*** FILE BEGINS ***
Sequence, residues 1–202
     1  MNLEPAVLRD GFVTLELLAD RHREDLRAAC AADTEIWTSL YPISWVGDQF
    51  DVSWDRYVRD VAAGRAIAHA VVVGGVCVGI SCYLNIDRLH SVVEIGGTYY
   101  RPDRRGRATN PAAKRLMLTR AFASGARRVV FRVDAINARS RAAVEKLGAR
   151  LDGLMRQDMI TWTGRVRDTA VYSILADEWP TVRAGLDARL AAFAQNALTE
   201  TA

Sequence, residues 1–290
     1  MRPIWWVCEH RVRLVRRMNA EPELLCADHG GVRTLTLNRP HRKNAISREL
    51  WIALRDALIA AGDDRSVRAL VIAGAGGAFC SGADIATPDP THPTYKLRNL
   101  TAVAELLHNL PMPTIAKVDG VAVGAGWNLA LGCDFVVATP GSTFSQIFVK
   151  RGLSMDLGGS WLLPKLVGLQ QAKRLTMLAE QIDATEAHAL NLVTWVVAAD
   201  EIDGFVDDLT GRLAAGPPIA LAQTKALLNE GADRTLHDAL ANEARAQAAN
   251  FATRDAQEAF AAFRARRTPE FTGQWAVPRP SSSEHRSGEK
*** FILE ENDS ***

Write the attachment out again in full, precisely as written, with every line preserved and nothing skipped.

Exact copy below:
Sequence, residues 1–202
     1  MNLEPAVLRD GFVTLELLAD RHREDLRAAC AADTEIWTSL YPISWVGDQF
    51  DVSWDRYVRD VAAGRAIAHA VVVGGVCVGI SCYLNIDRLH SVVEIGGTYY
   101  RPDRRGRATN PAAKRLMLTR AFASGARRVV FRVDAINARS RAAVEKLGAR
   151  LDGLMRQDMI TWTGRVRDTA VYSILADEWP TVRAGLDARL AAFAQNALTE
   201  TA

Sequence, residues 1–290
     1  MRPIWWVCEH RVRLVRRMNA EPELLCADHG GVRTLTLNRP HRKNAISREL
    51  WIALRDALIA AGDDRSVRAL VIAGAGGAFC SGADIATPDP THPTYKLRNL
   101  TAVAELLHNL PMPTIAKVDG VAVGAGWNLA LGCDFVVATP GSTFSQIFVK
   151  RGLSMDLGGS WLLPKLVGLQ QAKRLTMLAE QIDATEAHAL NLVTWVVAAD
   201  EIDGFVDDLT GRLAAGPPIA LAQTKALLNE GADRTLHDAL ANEARAQAAN
   251  FATRDAQEAF AAFRARRTPE FTGQWAVPRP SSSEHRSGEK